"If you do not know our cases are almost parallel. Yours is not as bad as mine, having some consolation. The state of my nerves is such I can scarcely write. But thank God she leaves tomorrow—I hope for ever."
In 1824, he exhibited another view of Dryburgh Abbey at the British Institution and sent two works to the first exhibition of the newly formed Society of British Artists. In the autumn of 1824 he visited Normandy. His paintings based on this trip began to lay the foundation of his reputation; one of them, a view of Rouen Cathedral, sold for 80 guineas.
While he built his reputation as a fine artist, Roberts's stage work had also been commercially successful. Commissions from Covent Garden included the sets for the London premiere of Mozart's Die Entführung aus dem Serail (The Abduction from the Seraglio) in 1827, scenery for a pantomime depicting the naval victory of Navarino, and two panoramas that he executed jointly with Stanfield.
During the second part of the 1820s, and in addition to English and Scottish scenes, Roberts painted views of prominent buildings in France and the Low Countries including Amiens, Caen, Dieppe, Rouen, Antwerp, Brussels and Ghent, sometimes making several paintings of the same scene with only minor variations.
By 1829 he was working full-time as a fine artist. That year, he exhibited the Departure of the Israelites from Egypt, in which his style first became apparent. In 1831, the Society of British Artists elected him as their president.
In 1832 he traveled in Spain and Tangiers. He returned at the end of 1833 with a supply of sketches that he elaborated into attractive and popular paintings. The British Institution exhibited his Interior of Seville Cathedral in 1834, and he sold it for £300. He executed a fine series of Spanish illustrations for the Landscape Annual of 1836. Then in 1837 a selection of his Picturesque Sketches in Spain was reproduced by lithography.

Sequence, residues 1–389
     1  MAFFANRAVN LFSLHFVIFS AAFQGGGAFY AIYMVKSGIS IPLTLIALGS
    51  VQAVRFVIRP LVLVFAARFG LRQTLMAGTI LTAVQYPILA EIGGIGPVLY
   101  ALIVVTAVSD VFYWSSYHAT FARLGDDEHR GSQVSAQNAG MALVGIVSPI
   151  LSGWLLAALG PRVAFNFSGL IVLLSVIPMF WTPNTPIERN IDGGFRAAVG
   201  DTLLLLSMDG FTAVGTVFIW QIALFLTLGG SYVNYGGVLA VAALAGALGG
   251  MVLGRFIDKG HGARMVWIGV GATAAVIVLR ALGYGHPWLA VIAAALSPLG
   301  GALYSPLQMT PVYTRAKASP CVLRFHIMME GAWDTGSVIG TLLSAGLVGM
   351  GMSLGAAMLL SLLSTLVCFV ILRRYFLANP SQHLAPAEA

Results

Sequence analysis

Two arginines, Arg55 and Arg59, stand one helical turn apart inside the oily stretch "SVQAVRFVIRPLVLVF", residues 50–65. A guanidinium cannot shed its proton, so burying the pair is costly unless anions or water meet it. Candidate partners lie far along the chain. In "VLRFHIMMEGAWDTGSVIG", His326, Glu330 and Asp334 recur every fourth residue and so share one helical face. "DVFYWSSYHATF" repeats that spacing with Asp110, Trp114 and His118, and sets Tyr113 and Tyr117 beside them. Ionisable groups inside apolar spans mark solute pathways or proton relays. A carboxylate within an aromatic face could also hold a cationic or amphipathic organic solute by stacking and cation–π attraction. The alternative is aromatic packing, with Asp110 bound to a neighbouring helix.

In London he made the acquaintance of artists such as Edward Thomas Daniell and John Linnell, who frequented Daniel's house.
J. M. W. Turner persuaded Roberts to abandon scene painting and devote himself to becoming a full-time artist. Roberts set sail for Egypt on 31 August 1838, a few years after Owen Jones. His intent was to produce drawings that he could later use as the basis for the paintings and lithographs to sell to the public. Egypt was much in vogue at this time, and travellers, collectors and lovers of antiquities were keen to buy works inspired by the East or depicting the great monuments of ancient Egypt.
Roberts made a long tour in Egypt, Nubia, the Sinai, the Holy Land, Jordan and Lebanon. Throughout, he produced a vast collection of drawings and watercolour sketches.
Muhammad Ali Pasha received Roberts in Alexandria on 16 May 1839, shortly before his return to the UK. He later reproduced this scene, apparently from memory, in Volume 3 of Egypt & Nubia.
Upon Roberts's return to Edinburgh in 1840, his fellow-artist, Robert Scott Lauder, painted his portrait. (In 1980, the National Gallery of Scotland purchased the portrait.) Scottish society fêted him. For instance, he was the guest of honour at a dinner on 19 October 1842, at which Lord Cockburn presided.
On his return to Britain, Roberts worked with lithographer Louis Haghe from 1842 to 1849 to produce the lavishly illustrated plates of The Holy Land, Syria, Idumea, Arabia, Egypt, and Nubia, originally published as Sketches in the Holy Land and Syria, 1842–1849 and Egypt & Nubia series. He funded the work through advance subscriptions which he solicited directly. The scenery and monuments of Egypt and Holy Land were fashionable but had hitherto been hardly touched by British artists, and so Roberts quickly accumulated 400 subscription commitments, with Queen Victoria being subscriber No. 1. Her complete set is still in the Royal Collection. The timing of publication just before photographs of the sites became available proved fortuitous.
In 1851, and again in 1853, Roberts visited Italy, painting the Ducal Palace, Venice, bought by Lord Londesborough, the Interior of the Basilica of St Peters, Rome, Christmas Day, 1853, and Rome from the Convent of St Onofrio, presented to the Royal Scottish Academy.
His last volume of illustrations, Italy, Classical, Historical and Picturesque, was published in 1859. He also executed, by command of Queen Victoria, a picture of the opening of the Great Exhibition of 1851. In. 1839 he was elected an associate and in 1841 a full member of the Royal Academy; and in 1858 he was presented with the freedom of the city of Edinburgh. The last years of his life were occupied with a series of views of London from the Thames. He had executed six of these, and was at work upon a picture of St Paul's Cathedral as seen from Ludgate Hill, when he died suddenly. He collapsed on Berners Street on the afternoon of 25 November 1864 and died at home that evening. The symptoms, described as apoplexy in most histories, were those of a stroke.
He was buried at West Norwood Cemetery.